If you have a septic system and are not sure what it is, what it does, and how to take care of it, these commonly asked questions will make you much more comfortable with your septic system.
What is a Septic System?
Septic systems are underground wastewater treatment structures, commonly used in rural areas without centralized sewer systems. They use a combination of nature and proven technology to treat wastewater from household plumbing produced by bathrooms, kitchen drains, and laundry. A typical septic system consists of a septic tank and a drainfield or soil absorption field.
How does a Septic System Work?
A septic system works in four different steps:
- All water runs out of your house from one main drainage pipe.
- The water will run into the septic tank. The septic tank is a water-tight container usually made of concrete, fiberglass, or polyethylene that is buried in your backyard. The point of the tank is to hold in the wastewater while solids move to the bottom of the tank and oil and grease floats to the top of the tank. The bottom layer is known as sludge and the top layer is known as scum.
- The liquid wastewater (effluent) then exits the tank into the drainfield. The drainfield is a shallow underground hole made in unsaturated soil in your backyard. The pretreated wastewater from the septic tank is discharged through piping onto porous surfaces that allow wastewater to filter though the soil. The soil accepts, treats, and disperses wastewater as it percolates through the soil, ultimately discharging to groundwater.
- Finally, the wastewater filters slowly into the soil, naturally removing harmful bacteria, viruses and nutrients.
Where is my Septic System Located?
There are a few easy ways to check to see where your septic system is located:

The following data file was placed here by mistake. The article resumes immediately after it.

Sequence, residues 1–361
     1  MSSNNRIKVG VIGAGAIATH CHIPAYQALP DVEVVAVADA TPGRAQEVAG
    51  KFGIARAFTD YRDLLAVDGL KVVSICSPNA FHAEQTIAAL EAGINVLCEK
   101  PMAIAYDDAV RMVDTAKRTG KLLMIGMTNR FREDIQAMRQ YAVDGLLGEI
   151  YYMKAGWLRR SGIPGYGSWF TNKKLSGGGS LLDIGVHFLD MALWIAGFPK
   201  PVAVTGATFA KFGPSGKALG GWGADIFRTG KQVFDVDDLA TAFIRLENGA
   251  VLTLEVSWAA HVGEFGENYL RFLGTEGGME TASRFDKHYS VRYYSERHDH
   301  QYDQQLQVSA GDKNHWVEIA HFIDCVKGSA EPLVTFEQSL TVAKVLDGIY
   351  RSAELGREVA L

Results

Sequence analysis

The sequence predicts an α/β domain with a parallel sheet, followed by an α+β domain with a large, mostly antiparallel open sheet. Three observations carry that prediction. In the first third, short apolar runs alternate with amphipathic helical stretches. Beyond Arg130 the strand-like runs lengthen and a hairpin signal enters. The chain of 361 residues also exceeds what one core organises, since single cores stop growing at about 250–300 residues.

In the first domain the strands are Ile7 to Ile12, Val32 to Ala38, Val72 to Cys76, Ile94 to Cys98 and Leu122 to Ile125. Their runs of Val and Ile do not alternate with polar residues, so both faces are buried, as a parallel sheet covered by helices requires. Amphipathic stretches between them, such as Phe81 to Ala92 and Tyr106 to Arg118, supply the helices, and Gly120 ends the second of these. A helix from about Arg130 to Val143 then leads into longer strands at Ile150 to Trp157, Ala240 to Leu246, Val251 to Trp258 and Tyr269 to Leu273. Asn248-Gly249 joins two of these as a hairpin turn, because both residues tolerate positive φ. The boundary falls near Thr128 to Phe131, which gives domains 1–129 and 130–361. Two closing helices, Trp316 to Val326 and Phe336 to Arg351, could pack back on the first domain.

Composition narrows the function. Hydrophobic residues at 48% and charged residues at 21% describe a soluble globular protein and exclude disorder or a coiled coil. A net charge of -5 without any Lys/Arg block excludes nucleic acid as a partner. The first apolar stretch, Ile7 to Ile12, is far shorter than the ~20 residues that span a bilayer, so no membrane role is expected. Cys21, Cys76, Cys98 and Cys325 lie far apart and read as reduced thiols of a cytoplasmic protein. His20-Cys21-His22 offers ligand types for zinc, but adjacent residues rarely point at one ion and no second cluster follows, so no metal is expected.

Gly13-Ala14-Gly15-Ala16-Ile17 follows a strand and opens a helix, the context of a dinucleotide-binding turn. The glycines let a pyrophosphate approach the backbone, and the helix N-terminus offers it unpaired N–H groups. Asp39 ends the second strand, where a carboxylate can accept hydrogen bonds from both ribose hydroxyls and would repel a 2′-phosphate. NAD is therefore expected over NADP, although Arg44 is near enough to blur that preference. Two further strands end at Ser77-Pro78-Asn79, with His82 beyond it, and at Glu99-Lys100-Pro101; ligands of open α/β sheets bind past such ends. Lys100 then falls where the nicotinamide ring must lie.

- Check the property records to see if there is a record of the permit for your septic system. This record will usually include a map of the septic system and where the certain parts of the septic system are located.
- Ask your neighbors to see if they know where their septic systems are. Chances are your septic system is located in a similar spot.
- Look around your property to see if there are any differences in grass color or texture, as it may lead you to find where the septic tank and drainfield could be buried.
- Call a professional to help you follow the sewer lines to help you locate your septic system.
How Often do I Need to do Upkeep for my Septic System?
There are two components to septic system upkeep: inspection and pumping:
- According to the United States Environmental Protection Agency, should be getting your household septic system inspected by a service every three years. And, if you have an Alternative septic system with electrical float switches, pumps, or mechanical components, you should be getting this checked yearly. Make sure the company inspects for leaks and examine the scum and sludge layers in your septic tank. Call a professional to help you conduct your inspection.
- It is important to note that septic systems should be pumped every three to five years. Septic tank pumping services help you to avoid costly and inconvenient repairs to your septic tank or cesspool. Getting your tank pumped every three to five years can dramatically extend the life of your septic system and prevent septic system replacement. Call a professional if you think it may be time to pump your system.
Are Septic Systems Environmentally Friendly?
Yes, septic systems are very environmentally friendly. At-home septic systems are natural and they work to protect you from diseases. At-home septic tanks use a completely natural process to treat waste; septic systems naturally break down the bacteria in waste. In comparison, commercial septic systems use chemicals within their systems. Rest assured, your at-home septic system is completely natural and chemical free. In addition, at-home septic systems work to protect you from disease. Diseases can be spread through contaminated soil and water, but having a septic system will break down harmful bacteria.
Hopefully these FAQ’s provided you with more background about septic systems so you can be at ease with yours. Of course, if you have any other questions or concerns, be sure to contact Bay State.